Yew Tree

Poisonous Poisonous Autumn Autumn Summer Summer

Apart from the flesh on the berries the rest of the Yew contains taxines which are very toxic. This also applies to any mushrooms growing on or under the tree as there is the possibility they may take in the taxines.

Hedgerow Type
Common Names Yew Tree, English Yew
Scientific Name Taxus baccata
Season Start Sep
Season End Nov
Please note that each and every hedgerow item you come across may vary in appearance to these photos.


Flat dark green needles growing opposite each other spiraling down a thin stem.

Male Flowers

They are not true flowers but clusters of stamen. The male ‘flowers’ appear in February/March and start as Brussels sprout like growths that turn into pale yellow sacs of small spheres before opening to drop its anthers and release lots of pollen.

Female Flowers

The female ‘flower’ is a single ovule covered in scale like bracts that when pollinated will develop over the Summer into a seed surrounded in bright red flesh.


Only growing on female trees, they are arils rather than berries and the edible red flesh surrounds the poisonous seed.


Yews always have gnarled, twisted red/brown trunks.


Red to brown and flaking.


Hedgerows, woodland, churchyards, parks and shady field edges and can also be grown and used as hedging.

Possible Confusion

With its needles it can look a bit like a pine (pictured) but the twisted, red/brown trunk and short spreading foliage should help with identification. Also there are usually two or more needles joined together on pines.
More similar are the needles of Fir and Douglas Fir, however these have a strong pleasant citrusy aroma when crushed, and they have true conifer cones.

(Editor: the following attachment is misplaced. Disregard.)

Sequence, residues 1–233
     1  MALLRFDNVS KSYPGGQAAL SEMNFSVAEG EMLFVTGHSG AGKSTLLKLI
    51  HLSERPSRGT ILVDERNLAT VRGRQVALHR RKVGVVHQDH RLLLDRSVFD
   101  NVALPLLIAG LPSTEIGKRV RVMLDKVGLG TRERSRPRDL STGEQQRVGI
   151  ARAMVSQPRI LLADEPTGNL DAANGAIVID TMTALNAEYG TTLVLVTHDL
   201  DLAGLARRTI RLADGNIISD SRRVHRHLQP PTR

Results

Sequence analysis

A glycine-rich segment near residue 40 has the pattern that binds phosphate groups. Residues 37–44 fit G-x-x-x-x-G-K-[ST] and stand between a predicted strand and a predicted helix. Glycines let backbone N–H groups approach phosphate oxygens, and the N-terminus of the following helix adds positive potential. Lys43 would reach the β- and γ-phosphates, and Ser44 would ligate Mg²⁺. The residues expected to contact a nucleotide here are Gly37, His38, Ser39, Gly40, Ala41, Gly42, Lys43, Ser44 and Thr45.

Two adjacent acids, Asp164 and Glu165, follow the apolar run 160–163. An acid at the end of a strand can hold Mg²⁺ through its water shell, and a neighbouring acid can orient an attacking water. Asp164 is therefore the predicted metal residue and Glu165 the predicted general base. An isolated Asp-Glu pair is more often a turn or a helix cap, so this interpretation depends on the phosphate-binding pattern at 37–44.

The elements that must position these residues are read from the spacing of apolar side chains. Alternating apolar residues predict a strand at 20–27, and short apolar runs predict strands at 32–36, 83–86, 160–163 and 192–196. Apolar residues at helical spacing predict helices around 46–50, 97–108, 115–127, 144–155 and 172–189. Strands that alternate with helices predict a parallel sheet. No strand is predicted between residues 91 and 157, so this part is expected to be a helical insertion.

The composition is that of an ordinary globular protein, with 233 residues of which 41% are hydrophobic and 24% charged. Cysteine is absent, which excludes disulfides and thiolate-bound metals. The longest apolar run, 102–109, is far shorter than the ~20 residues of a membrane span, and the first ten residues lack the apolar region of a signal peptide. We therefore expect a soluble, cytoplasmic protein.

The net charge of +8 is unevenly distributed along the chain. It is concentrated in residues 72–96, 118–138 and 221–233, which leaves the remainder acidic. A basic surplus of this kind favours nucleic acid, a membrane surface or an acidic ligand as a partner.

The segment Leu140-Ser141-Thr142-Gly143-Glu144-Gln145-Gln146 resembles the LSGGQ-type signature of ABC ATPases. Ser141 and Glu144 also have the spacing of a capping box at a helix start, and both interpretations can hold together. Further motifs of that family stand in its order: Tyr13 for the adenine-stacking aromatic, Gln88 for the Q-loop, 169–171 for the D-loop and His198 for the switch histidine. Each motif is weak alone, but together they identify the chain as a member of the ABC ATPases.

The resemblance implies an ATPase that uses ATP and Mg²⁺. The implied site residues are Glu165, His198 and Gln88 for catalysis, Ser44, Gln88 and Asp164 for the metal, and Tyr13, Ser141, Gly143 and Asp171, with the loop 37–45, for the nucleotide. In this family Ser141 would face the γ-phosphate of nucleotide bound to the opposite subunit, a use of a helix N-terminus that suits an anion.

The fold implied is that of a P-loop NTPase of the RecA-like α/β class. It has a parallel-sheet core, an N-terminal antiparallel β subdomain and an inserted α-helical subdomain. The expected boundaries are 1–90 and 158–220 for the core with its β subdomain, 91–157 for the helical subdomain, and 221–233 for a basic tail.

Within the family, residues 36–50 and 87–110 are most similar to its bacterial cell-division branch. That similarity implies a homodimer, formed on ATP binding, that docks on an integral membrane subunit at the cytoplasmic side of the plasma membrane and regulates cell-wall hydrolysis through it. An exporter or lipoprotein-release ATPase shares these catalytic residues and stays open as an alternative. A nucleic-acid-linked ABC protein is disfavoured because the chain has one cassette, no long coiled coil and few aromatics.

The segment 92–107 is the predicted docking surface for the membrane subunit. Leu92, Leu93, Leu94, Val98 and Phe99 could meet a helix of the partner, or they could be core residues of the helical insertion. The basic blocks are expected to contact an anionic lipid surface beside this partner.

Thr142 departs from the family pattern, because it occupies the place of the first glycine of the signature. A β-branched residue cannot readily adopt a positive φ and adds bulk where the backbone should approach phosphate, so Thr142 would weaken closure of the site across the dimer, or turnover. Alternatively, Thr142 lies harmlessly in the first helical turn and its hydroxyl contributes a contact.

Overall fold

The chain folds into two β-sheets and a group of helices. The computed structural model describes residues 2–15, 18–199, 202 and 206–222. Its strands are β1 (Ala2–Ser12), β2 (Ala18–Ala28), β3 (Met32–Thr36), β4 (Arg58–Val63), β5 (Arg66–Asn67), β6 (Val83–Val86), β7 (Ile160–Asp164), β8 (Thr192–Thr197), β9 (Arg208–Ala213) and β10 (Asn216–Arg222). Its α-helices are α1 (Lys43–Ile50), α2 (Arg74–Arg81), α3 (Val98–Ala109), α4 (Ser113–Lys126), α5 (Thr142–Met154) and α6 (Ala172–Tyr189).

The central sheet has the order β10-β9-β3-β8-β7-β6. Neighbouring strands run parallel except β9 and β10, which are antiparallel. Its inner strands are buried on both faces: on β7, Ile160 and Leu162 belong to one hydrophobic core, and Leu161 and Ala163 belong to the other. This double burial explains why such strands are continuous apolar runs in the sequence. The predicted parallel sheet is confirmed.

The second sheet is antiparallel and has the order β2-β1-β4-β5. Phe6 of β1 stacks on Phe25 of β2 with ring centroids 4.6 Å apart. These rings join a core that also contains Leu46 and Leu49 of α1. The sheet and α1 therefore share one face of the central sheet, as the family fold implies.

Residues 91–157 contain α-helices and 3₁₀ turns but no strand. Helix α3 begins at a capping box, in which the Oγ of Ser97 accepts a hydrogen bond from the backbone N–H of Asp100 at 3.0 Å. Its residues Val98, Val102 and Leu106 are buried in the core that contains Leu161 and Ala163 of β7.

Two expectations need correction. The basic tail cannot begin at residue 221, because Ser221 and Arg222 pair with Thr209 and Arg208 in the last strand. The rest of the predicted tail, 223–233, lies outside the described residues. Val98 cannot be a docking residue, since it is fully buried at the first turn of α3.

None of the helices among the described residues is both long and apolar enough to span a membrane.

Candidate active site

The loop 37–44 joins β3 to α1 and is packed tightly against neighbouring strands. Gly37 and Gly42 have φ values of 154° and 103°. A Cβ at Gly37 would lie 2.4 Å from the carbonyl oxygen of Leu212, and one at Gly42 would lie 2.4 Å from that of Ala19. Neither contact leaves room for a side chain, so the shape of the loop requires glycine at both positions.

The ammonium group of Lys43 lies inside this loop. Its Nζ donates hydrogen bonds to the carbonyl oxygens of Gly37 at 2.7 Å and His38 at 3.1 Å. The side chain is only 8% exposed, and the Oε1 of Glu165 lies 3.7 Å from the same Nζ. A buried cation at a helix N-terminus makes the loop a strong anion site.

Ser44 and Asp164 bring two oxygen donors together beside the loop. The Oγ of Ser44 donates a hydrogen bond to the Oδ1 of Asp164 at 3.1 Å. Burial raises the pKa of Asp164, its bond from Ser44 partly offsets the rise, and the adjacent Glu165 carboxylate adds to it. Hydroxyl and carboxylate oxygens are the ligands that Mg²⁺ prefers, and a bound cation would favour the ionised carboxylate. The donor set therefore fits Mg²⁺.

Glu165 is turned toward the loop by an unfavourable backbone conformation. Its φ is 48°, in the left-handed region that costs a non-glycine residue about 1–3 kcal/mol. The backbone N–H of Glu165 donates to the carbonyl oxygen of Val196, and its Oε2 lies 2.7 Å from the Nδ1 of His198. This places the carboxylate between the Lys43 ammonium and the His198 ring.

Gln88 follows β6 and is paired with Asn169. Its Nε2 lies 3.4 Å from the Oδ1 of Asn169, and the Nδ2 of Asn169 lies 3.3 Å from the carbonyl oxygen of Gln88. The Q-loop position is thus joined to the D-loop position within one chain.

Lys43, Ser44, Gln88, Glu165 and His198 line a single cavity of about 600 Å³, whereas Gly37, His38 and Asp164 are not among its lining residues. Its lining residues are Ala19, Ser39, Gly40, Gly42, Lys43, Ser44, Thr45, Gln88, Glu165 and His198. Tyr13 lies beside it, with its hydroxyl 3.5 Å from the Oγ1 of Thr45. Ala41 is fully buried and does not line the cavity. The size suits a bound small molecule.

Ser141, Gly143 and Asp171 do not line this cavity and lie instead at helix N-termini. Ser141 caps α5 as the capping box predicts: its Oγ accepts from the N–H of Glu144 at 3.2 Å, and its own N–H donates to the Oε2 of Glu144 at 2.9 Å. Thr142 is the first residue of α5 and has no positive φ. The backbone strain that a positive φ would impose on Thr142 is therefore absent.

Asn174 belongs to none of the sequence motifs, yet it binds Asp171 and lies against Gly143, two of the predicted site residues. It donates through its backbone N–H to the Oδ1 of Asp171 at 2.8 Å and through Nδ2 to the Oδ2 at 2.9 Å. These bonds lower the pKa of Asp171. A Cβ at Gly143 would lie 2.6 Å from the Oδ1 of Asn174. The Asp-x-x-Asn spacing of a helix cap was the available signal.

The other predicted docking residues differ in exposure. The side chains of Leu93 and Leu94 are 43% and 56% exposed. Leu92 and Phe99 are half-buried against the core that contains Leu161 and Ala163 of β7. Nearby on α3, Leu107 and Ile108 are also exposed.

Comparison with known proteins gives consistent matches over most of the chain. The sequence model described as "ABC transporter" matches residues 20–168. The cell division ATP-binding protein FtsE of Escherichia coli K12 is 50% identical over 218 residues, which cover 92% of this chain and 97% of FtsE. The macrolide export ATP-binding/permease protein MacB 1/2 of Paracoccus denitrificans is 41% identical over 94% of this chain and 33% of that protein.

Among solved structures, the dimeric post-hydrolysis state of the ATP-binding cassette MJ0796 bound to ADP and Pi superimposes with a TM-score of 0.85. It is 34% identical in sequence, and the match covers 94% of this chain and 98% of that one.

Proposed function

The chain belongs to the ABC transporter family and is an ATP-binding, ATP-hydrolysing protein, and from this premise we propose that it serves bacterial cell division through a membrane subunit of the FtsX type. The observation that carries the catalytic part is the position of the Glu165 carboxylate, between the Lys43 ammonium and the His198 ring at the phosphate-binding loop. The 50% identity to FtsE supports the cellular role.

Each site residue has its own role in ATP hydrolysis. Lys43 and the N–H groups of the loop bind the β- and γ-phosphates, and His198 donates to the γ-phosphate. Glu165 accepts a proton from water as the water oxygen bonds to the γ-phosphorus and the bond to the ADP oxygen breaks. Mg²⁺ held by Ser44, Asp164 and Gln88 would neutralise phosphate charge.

The flesh on the berries is very sweet and a bit like a lychee.




The only edible part of a Yew is the aril or ‘berry’ flesh, the small stone in the middle is toxic and must not be chewed or swallowed. The flesh comes away from the seed easily and is best done in the mouth as long as you remember to spit out the seed!

Medicinal Uses

Taxines are used in various forms as chemotherapy drugs in the treatment of some cancers.

Other Facts

The Yew is one of the oldest living plants in Europe with reports of trees up to 9000 years old but is impossible to date them exactly and it is thought some of the older trees are about 2000 years old, still quite impressive.
The Fortingall Yew in Perthshire, Scotland, has the largest recorded trunk girth in Britain and experts estimate it to be anywhere from 2,000 to 7,000 years old.
Yews are thought to be the tree of the dead and can often be found in churchyards and cemeteries, it is not known if they were planted by Christians or pre-date Christianity and are more connected with the early Britons.
Yews are the best wood for making long bows and have been used as such for centuries.


7 comments for Yew Tree

  1. Shirley says:

    On countryfile they said that yew trees are poisonous.
    I do decoupage and was wondering if it’s safe to sand, then decoupage these trees.
    I’ve got off cuts of yew that are about an inch thick. My hubby doesn’t want me to use these off cut yew trees because they are toxic.
    Can you advise please?

    1. Eric Biggane says:

      The dust created by sanding or cutting yew wood will be toxic so should only be done outdoors with the correct protective clothing and mask.

  2. Mark Colson says:

    I’d like to plant some Yew trees in my garden for hedging purposes as I really like the Red Berries they produce in winter But how do I tell which trees will grow the Red Berries as I believe only the female trees have them? …Do I need to get a male tree as well..
    Can you advise please?

    1. Eric Biggane says:

      I’m afraid you would have to speak to a tree supplier as I’m not sure how to tell male from female before flowering. Females will flower without a male nearby.

  3. Penny says:

    I’ve eaten 77mg of yew tree leaves. Is this dangerous

    1. Eric Biggane says:

      The reported lethal dose for Yew needles is 50 grams so I suspect 77mg won’t cause any issues. If however you feel unwell or have heart palpitations, go to A+E.

  4. Sally Carr says:

    Hi there
    My large yew tree is making crackly sounds in the hot sun. Is this the little flowers opening?

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